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Tuesday newsletter time: Josh Jung-Nate Lowe switch a timely tweak for Rangers

(AP photo/Charles Rex Arbogast)


Bruce Bochy turned in a different lineup Monday night for the Rangers’ series opener at Chicago.

For the first this season Nate Lowe was batting fifth.

The manager moved Josh Jung to the No. 3 hole, where Lowe had been for all 70 of his games. The reason was simple: The White Sox started a left-handed pitcher and the matchup favored the righty-hitting Jung.

It paid off, too.

Jung swatted a home run in the third inning and collected two more hits as the Rangers won their third straight game, 5-2. Andrew Heaney allowed two runs in 5 2/3 innings, and Josh Sborz recorded two outs in the eighth inning with the bases loaded to keep the Rangers in front.

The Rangers are coming out of a swoon in which they lost 7 of 9 games, but their lead in the American League West has actually increased by a half-game. The second-place team is different, with the Angels five games back and the Astros 6 1/2 back in third.

The Rangers are scheduled to face 2022 Cy Young runner-up Dylan Cease, a right-hander, tonight. Nathan Eovaldi is the Rangers’ probable pitcher.

The lefty-hitting Lowe could find himself back in the third spot in the lineup, and Jung could drop to fifth. Jung, though, looked good there, and it wouldn’t be a surprise if he takes over that spot this season or next.

In the building

As the White Sox attempted to mount a rally in the ninth inning against Will Smith, Elvis Andrus was right in the middle of it.

The former Rangers All-Star and potential future member of the Rangers Hall of Fame singled to give the White Sox runners at first and second with no outs. Smith retired the next three batters, who all represented the potential tying run.

Andrus collected two hits, which upped his average to only .202 in his 15th big-league season. He was re-signed by Chicago to play second base but was the shortstop Monday.

During the broadcast, Dave Raymond and C.J. Nitkowski mentioned that Keynan Middleton was a member of the White Sox bullpen, the same pitcher who hit Andrus early in the 2018 season and broke his right forearm.

An argument could be made that Andrus hasn’t been the same since missing nearly three months that season. He was coming off the best campaign of his career, having finally tapped into some power with a career-high 20 home runs.

The Rangers traded Andrus in February 2021 to the A’s for Khris Davis, pitching prospect Dane Acker and a young catcher named Johan Heim.

That trade has worked out for the Rangers.

Happier place

Jacob deGrom was emotional earlier this month after it was announced that he would undergo Tommy John surgery. Who could blame him?

No baseball player wants to have surgery, especially one that will keep him out up to 15 months.

The operation was performed last week. The only thing deGrom can do now is get healthy. It’s not going to happen quickly, but now that he has a plan in front of him, he’s seems much more at ease.

He isn’t traveling with the Rangers so that he can do his rehab, but he’s planning to be at home games whenever possible. Being around his teammates is therapeutic, and so is having his family back with him after his wife and newborn son, Nolan, we cleared for travel following his birth June 1.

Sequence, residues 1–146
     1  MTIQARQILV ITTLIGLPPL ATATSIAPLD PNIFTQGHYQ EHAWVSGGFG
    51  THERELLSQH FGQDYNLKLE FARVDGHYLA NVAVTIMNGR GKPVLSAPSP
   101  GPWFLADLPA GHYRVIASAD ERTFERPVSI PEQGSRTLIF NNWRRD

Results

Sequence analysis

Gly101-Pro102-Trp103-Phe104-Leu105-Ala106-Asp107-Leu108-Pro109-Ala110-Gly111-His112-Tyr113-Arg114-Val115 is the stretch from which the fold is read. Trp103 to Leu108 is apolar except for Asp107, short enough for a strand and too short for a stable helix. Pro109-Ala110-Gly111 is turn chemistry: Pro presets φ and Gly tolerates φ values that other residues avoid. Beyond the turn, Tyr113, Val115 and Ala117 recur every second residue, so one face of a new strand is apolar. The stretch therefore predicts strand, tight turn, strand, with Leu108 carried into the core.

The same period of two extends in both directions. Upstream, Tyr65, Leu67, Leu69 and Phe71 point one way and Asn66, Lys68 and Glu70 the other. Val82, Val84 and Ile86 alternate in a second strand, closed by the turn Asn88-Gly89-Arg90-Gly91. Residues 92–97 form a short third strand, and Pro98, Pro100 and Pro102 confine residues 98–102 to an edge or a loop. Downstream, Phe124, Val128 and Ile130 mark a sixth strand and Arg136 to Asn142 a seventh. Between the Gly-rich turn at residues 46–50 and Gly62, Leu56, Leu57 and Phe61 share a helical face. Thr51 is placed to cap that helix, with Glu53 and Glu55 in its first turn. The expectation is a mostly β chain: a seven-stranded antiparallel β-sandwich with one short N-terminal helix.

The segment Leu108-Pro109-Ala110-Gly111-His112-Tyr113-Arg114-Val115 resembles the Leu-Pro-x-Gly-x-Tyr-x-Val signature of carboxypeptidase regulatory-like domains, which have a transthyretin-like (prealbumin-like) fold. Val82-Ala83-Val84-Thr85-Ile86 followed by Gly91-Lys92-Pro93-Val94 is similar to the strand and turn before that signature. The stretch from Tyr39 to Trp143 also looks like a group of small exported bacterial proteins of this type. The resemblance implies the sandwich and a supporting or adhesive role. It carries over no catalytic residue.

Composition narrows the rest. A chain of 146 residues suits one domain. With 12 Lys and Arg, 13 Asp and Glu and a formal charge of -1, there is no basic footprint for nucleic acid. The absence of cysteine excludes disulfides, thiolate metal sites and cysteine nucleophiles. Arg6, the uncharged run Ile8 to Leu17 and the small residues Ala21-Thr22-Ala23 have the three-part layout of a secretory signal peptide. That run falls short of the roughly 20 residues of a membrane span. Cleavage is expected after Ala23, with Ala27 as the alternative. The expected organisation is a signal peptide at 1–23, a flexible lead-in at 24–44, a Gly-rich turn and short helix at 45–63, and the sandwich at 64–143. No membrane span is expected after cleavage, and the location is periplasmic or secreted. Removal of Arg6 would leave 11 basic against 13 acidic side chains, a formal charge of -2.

By the way, the deGroms had settled on Nolan before he joined the Rangers, but they did wonder if it was too much to give him the same name as the Hall of Fame pitcher (yes, it’s true that Nolan is Nolan Ryan’s first name is Lynn).

Doggy video!

Eating alone isn’t any fun. Enjoy.

Jeff Wilson, jeff@rangerstoday.com

Jeff Wilson

Sports reporter for two decades. Sports fan for life. Covers the Texas Rangers. Graduate of TCU. Colorado native. Author of Purple Passion: TCU Football Legends (https://t.co/2fmXLyympx). Follow me on Twitter at @JeffWilsonTXR

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  1. A Stephens June 20, 2023

    Going to throw this out there, you tell me your thoughts, maybe TR could check in as well. Josh Jung reminds me more and more of a young George Brett. I know. Don’t want to jinx the kid but man, that’s just what I see when I watch him play the game.

    1. Jeff Wilson June 20, 2023

      I’ll run it past T.R. I’m sure he has some thoughts. Brett was such a good hitter. Jung plays with a lot of intensity, as Brett did.

      1. Jeff Wilson June 21, 2023

        From T.R.:

        People love “comps”

        They make me shudder. I used them early in my career, and it didn’t go well.

        Brett is one of the five best third basemen in baseball history. He also had a unique style. Fiery and intense, but with a true love for the game.

        There is a lot to emulate there. Certainly Jung comes off as a kid who loves to play baseball, is intense and very good at it. He has a chance to be one of the best.

        Brett kept it up for two decades. How is Anthony Rendon doing? Ryan Zimmerman, Josh Donaldson?

        That’s why Brett is a Hall of Famer.

  2. Charles Neeley June 20, 2023

    Well tonight, poor Josh, gets 0-1 on a ball 4-5 inches outside with runners on 2nd and 3rd no outs. Later Semian got similar treatment. Last year, home plate umpire Alex Tosi (also in Chicago) really proved to all why the electronic strike zone is absolutely essential. Tonight, we get the replay office in NY involved. Why is it, the Rangers play only 3 games a year at CWS park and every time at least one has umpire “controversy”? Some may say controversy, but I am more in the “fixed game” camp.

    1. Charles Neeley June 20, 2023

      I meant one out not none.

    2. Jeff Wilson June 20, 2023

      Al Capone was a big baseball fan, right?


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